I used to be a gun purist. I never made any changes to a factory gun. If I did tweak it, swap out parts or add things, then it wouldn’t be original any more, now would it? And that would be… wrong? For some reason, having a perfect, factory-configured gun was important to me. Perhaps for the same reason I’m reluctant to pull that tag off of new mattresses.
Fortunately, I got over the compulsion to leave my guns as is.
To be honest, part of the reason for my attitude change was that I, umm, dropped my Beretta 3032 Tomcat .32ACP. Hard. So hard, it broke the grips. Oops. As I started to order a factory replacement set, I got a sudden urge to do a little Googling just to see what other options were out there. Just in case.
To make a long story short, I found a beautiful set of wooden grips. I took the plunge and decided it was time to consider going custom.
After all, we’re talking about my handguns. Why not make them my own?
When it comes to customizing, you can make cosmetic changes, performance changes, or both! Your customizations can be internal, external or both!
Just for fun, I’ll share some of the things I’ve done on my Beretta 92FS - and some of my future customization plans.
The Beretta 92FS
Although this was my very first centerfire pistol, bought brand spanking new, I opened up to the idea of doing some personalization after the great Tomcat destruction incident.
The very first thing I did was add Hogue wrap-around grips. The factory grips were perfectly nice and fit my hand fine, but there was something catchy about that rubberized grip with front finger grooves. I picked up a friend's Beretta 92FS configured with the Hogues and instantly fell in lust. They were not just grippy, but super comfortable. I have large hands and long fingers so the size was still perfect for me. I could reach the trigger easily with a properly centered grip.
Next on the list was a stainless steel recoil spring guide rod. Why? I can't really give you a good reason for that. Well, if I get really nitpicky, the stainless guide rod smooths out the recoil action just a bit. It also adds a little weight up front to help balance out the gun. Hey, it’s my gun, and what’s important for me is important.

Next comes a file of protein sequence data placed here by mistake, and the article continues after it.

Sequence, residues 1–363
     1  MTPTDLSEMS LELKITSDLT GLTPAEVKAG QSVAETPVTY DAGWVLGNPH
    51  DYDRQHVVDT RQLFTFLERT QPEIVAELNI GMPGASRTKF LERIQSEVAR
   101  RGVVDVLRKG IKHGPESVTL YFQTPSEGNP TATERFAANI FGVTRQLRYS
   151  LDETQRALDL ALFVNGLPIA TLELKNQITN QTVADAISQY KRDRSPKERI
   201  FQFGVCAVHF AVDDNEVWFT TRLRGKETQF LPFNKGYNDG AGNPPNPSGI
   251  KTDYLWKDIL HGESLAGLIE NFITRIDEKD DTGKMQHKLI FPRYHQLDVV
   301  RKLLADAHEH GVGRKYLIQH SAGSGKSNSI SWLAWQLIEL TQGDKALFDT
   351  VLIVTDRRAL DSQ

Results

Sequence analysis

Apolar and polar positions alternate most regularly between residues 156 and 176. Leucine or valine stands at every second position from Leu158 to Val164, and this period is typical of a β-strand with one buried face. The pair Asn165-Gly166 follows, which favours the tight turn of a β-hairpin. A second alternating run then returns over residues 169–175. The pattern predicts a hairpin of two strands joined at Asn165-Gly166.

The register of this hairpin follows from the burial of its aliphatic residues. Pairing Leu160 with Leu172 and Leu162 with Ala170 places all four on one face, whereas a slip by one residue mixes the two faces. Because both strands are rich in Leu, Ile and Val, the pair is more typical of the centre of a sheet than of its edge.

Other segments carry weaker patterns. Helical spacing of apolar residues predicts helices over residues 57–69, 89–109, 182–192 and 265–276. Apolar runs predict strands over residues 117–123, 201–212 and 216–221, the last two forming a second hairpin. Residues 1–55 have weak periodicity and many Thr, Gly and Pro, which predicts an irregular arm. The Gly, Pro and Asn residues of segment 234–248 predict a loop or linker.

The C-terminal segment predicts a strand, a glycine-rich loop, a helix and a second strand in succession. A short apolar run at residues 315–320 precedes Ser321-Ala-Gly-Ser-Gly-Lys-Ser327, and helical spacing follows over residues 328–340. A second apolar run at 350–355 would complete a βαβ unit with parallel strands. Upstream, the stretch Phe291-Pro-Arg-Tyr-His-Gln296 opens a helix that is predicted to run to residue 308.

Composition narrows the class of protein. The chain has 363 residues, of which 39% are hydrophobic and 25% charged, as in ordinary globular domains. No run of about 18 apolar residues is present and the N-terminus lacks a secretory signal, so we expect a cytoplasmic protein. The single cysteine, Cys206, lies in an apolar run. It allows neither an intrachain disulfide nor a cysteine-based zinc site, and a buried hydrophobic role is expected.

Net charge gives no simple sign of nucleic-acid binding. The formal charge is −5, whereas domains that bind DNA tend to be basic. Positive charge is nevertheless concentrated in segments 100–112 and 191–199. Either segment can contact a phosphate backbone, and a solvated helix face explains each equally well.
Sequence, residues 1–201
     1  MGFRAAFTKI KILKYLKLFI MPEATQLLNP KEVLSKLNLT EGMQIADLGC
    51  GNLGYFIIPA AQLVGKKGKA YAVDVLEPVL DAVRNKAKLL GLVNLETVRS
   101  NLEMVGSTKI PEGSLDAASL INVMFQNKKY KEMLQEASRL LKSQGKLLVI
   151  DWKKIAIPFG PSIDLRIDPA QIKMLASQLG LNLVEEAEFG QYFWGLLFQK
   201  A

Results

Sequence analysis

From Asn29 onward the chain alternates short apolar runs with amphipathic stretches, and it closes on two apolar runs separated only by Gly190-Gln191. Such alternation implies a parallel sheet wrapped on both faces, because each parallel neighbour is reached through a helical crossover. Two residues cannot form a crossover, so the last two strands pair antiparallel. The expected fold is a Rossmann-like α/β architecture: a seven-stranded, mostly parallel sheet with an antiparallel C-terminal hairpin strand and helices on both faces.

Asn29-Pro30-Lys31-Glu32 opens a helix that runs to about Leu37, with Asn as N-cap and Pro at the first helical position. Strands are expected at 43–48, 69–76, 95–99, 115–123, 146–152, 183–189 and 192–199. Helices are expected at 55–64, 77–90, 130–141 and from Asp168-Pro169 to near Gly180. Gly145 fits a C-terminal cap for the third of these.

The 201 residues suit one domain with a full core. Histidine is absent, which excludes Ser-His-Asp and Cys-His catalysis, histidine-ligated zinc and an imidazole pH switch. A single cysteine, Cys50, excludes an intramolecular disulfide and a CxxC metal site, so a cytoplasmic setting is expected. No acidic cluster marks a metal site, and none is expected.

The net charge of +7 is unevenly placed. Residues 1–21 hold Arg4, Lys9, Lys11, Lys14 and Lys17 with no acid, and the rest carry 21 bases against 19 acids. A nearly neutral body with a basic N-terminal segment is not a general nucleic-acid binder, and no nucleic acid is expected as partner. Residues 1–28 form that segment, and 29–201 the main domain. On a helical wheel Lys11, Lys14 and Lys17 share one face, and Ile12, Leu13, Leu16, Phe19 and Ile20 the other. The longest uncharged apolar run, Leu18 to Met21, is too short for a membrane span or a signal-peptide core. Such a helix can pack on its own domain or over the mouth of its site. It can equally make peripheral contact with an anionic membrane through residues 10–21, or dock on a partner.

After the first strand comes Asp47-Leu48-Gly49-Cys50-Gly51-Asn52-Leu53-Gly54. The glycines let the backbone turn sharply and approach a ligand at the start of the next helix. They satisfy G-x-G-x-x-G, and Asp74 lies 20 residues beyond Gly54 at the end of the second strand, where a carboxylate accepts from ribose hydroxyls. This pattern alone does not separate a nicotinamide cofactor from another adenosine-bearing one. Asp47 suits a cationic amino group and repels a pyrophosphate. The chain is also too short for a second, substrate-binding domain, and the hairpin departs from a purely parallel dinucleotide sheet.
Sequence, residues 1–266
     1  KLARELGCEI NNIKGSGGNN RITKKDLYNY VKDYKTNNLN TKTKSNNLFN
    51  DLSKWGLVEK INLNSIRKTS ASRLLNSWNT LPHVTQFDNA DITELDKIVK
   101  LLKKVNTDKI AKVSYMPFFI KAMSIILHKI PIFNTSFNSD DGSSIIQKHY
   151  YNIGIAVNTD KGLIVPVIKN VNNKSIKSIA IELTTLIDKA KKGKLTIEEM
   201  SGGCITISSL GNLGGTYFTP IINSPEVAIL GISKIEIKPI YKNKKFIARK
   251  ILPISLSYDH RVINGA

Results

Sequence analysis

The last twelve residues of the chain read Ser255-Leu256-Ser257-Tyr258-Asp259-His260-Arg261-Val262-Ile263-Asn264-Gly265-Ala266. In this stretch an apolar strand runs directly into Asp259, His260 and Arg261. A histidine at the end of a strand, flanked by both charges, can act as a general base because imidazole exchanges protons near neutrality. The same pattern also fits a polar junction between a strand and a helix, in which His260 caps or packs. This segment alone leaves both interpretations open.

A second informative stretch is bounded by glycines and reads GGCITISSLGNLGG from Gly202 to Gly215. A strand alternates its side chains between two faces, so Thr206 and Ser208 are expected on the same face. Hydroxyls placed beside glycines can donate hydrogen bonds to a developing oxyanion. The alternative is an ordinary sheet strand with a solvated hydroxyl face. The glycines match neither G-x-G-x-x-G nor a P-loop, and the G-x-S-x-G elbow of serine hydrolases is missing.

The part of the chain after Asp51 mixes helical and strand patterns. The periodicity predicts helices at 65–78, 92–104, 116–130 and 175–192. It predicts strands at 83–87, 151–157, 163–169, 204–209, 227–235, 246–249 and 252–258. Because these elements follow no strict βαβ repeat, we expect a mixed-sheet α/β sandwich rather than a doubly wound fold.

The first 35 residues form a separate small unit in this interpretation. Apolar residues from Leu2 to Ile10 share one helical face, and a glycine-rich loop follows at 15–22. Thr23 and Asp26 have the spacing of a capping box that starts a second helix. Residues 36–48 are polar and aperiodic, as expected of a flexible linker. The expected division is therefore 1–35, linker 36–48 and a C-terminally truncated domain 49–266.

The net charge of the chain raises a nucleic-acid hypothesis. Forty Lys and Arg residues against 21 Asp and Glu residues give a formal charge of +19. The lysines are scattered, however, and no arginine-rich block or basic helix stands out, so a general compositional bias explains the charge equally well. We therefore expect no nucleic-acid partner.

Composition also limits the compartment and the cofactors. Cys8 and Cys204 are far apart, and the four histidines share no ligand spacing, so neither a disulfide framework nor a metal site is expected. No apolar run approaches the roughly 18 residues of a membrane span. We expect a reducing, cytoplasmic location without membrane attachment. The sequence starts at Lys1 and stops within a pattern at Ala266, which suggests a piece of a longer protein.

Next on the list?
As much as I love the Hogue wrap-around grip, I’m thinking that my 92FS needs Crimson Trace Mil-Spec Lasergrips. Or perhaps some walnut checkered grips with a brass Beretta medallion insert. If I go with the wood, I could use a LaserMax guide rod laser. Hmmm.
Obviously I need to replace the factory hammer with a skeletonized hammer. Because it looks cool. Plus, it’s lighter and increases lock time - allowing me to fire the gun just a hair faster. But mainly I need to add the hammer because it looks cool.
Sights? On my 92FS, the front sight is fixed, but I could easily swap the standard rear sight with two white dots for a Novak Elite II ramped rear sight with two red dots. If I’m really feeling adventurous, I might even have XS Sights mill out a dovetail so I can use a Big Dot front sight. But that requires services of a gunsmith. Maybe later.
I'll almost certainly swap out the standard magazine release button for a larger-sized one. With all these custom grips I’m adding, I want to reach the mag release a bit easier.
A silencer for the Beretta 92 is required gear, right?
The 3032 Tomcat
Back to that Tomcat.
Since I added grips to mine, the Beretta store has added a beautiful set of laser-checkered walnut grips. Unlike the pair I found years ago, this provides a non-slip grip and look good. So that will give me cosmetic and performance upgrades.
If you like the 3032 Tomcat, you also might want to consider adding a laser. For a pocket (or backup) gun like the Tomcat with its small sights and short sight radius, laser grips can make all the difference. Crimson Trace offers replacement grips with a front instinctive activation button. While they’re not available in the Beretta store yet, you can get them directly from Crimson Trace.
The bottom line is that there is no reason your gun can’t be a highly-personalized thing. After all, you depend on it for your home safety. Or perhaps you carry it every day as your personal defense option. In any case, it makes a lot of sense to tweak the features to your exact preferences. And in the process, there’s absolutely nothing wrong with making cosmetic upgrades that make you happy.
Just be sure that your customizations are safe, reliable and factory approved. Almost all of the upgrades we’ve discussed here are available in the Beretta store, so you’re good to go with any of those.
This is my Beretta pistol. There are many like it, but this one is mine.